Tag Archives: pole barn photos

Building Over a Basement, an OHD Modification, and Interior Photos?

This week the Pole Barn Guru answers questions about building over a basement, an OHD modification, and interior photos of one of our buildings?

Engineer sealed pole barnDEAR POLE BARN GURU: If I order a pole barn knowing that it will be built over a basement will the plans show how to install the floor or do I have to figure that out myself? I would really like the answer quickly if possible. Thank you. MARYJANE in MANZANOLA


DEAR MARYJANE: Our third-party engineer sealed plans include connections of all members we supply in your complete post frame building kit package. This would include how floor would be attached to your basement walls.

DEAR POLE BARN GURU: I have a 18’s by 10’ tall sectional door and need to add a section to be at least 11’-6” tall for a new camper to fit. Trying to find a garage door contractor that can do the modification on the door. I will raise the header and cut the barn metal to fit new section myself. Just wondering if you have a recommendation on a contractor or an opinion. Thanks. RALPH in RAY TOWNSHIP

DEAR RALPH: Before doing a structural remodel of your building, it would be prudent to discuss it with your RDP (Registered Design Professional – engineer or architect) who produced your building’s original design. Making structural changes without their approval could result in voiding any warranty and, at worst, a collapse – just isn’t worth it.

Each sectional door manufacturer has a slightly different panel design. You will need to ascertain whom manufactured your door, then contact them and ask for a referral to dealers closest to you.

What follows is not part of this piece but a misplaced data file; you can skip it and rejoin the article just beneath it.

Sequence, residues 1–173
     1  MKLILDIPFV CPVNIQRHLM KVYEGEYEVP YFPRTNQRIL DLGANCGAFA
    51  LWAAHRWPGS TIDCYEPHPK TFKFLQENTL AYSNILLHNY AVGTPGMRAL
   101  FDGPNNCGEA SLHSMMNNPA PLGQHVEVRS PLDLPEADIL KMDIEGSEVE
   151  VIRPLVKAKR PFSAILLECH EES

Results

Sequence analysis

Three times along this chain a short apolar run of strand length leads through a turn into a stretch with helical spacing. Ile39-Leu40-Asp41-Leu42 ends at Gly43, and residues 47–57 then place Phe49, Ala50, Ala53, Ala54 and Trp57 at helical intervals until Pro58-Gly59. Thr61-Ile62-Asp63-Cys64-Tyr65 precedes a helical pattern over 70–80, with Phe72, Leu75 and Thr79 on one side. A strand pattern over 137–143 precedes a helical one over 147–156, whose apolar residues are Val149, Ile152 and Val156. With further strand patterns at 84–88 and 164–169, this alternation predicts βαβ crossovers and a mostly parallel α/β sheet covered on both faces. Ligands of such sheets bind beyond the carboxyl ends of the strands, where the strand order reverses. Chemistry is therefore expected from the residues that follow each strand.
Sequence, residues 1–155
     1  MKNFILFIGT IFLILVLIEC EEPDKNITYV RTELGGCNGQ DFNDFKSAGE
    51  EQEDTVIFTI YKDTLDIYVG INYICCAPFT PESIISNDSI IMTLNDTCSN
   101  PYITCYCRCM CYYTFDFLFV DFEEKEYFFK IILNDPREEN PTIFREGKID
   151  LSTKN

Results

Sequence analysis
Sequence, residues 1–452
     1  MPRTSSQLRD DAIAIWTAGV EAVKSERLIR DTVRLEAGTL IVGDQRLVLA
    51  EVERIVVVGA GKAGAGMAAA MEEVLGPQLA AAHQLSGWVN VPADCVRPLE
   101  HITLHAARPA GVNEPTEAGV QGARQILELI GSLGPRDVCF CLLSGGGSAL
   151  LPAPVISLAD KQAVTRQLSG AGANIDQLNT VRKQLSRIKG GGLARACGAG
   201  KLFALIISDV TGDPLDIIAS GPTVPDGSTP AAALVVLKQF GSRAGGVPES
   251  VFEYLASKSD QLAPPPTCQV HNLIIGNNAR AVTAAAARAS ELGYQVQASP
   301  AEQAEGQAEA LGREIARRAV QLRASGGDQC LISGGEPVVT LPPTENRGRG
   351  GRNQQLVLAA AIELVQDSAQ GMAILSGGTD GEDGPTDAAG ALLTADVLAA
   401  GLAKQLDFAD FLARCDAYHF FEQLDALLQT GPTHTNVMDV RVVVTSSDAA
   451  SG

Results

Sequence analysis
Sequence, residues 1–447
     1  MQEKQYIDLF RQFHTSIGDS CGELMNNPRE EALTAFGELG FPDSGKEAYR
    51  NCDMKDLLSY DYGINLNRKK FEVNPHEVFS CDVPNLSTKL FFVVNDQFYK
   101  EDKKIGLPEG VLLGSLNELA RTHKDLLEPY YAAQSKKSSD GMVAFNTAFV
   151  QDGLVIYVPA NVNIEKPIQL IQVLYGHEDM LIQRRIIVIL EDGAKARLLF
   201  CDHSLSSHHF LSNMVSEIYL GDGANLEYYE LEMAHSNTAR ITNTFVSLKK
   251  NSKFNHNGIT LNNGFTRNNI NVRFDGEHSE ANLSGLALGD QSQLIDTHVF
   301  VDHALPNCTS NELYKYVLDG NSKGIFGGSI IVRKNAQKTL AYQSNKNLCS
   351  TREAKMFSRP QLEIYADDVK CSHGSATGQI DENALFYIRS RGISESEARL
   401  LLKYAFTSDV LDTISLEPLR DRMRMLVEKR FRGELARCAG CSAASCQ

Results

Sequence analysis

As for contractor recommendations, I just will not make them, as if there is a challenge in dealing with them for any reason, chances are I will get blamed – even if I were to tell you to vet them thoroughly.

DEAR POLE BARN GURU: How much is the pole barn shown on the front of this website. Do you, have any interior pictures? https://www.hansenpolebuildings.com/uploads/img_0_5c9bda48b8f54.png


DEAR WANDA: Thank you very much for your interest in a new Hansen Pole Building. As pictured, this building is $39,999. As we furnish only complete post frame building kit packages, rarely do we have interior photos, however you can configure interior walls wherever you desire, to best meet your particular needs.


Pole Building Pictures: Say Cheese!

Happy CustomerTaking frequent pictures of a new pole building under construction on is something which just does not happen on a routine basis. These pictures could easily save a world of grief.  I personally believe building owners and contractors should be taking pictures more often than what I usually find is being done.

A picture does say a thousand words if not more and I feel all would benefit as a result of routine picture taking.  It’s amazing what is seen when photos are reviewed.